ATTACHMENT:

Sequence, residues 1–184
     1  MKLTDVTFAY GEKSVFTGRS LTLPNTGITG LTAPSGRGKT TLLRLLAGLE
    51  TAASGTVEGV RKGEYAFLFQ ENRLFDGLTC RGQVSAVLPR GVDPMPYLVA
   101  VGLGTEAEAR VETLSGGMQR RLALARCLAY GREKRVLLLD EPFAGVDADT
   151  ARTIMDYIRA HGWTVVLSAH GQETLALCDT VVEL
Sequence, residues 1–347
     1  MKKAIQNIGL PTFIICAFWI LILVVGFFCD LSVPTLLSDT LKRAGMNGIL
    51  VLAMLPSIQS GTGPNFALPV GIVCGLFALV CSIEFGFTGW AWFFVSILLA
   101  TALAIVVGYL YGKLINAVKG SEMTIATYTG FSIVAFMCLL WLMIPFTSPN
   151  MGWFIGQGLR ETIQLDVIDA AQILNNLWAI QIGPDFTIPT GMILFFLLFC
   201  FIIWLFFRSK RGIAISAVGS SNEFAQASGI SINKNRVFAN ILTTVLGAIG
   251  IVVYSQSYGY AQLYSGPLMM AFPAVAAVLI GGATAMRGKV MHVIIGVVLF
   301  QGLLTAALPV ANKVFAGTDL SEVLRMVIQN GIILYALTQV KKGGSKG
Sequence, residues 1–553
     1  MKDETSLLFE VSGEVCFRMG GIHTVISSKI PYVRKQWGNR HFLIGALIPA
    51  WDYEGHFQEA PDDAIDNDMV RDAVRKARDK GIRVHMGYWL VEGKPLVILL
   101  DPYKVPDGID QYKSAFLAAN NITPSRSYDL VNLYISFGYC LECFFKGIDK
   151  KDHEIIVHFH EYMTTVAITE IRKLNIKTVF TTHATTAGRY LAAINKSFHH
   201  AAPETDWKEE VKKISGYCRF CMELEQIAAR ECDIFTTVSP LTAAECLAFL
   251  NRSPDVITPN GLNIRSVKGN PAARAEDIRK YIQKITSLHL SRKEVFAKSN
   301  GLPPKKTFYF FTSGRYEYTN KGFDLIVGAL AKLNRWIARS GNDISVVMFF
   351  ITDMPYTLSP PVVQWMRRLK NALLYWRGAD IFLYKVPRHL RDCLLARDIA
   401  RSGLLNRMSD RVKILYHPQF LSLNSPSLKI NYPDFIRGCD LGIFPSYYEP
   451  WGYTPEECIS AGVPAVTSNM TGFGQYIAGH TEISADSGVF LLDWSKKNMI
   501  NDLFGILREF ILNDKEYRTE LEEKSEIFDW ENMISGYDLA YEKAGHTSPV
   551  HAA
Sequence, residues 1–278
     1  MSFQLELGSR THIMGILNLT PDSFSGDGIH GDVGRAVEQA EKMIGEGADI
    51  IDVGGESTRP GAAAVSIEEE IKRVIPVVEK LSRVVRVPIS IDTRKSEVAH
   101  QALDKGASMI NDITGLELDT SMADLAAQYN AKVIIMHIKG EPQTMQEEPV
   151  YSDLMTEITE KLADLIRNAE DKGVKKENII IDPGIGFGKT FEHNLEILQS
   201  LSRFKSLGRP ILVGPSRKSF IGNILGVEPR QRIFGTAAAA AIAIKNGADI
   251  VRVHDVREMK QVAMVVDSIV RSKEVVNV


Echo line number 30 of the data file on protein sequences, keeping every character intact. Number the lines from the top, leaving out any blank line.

   101  QALDKGASMI NDITGLELDT SMADLAAQYN AKVIIMHIKG EPQTMQEEPV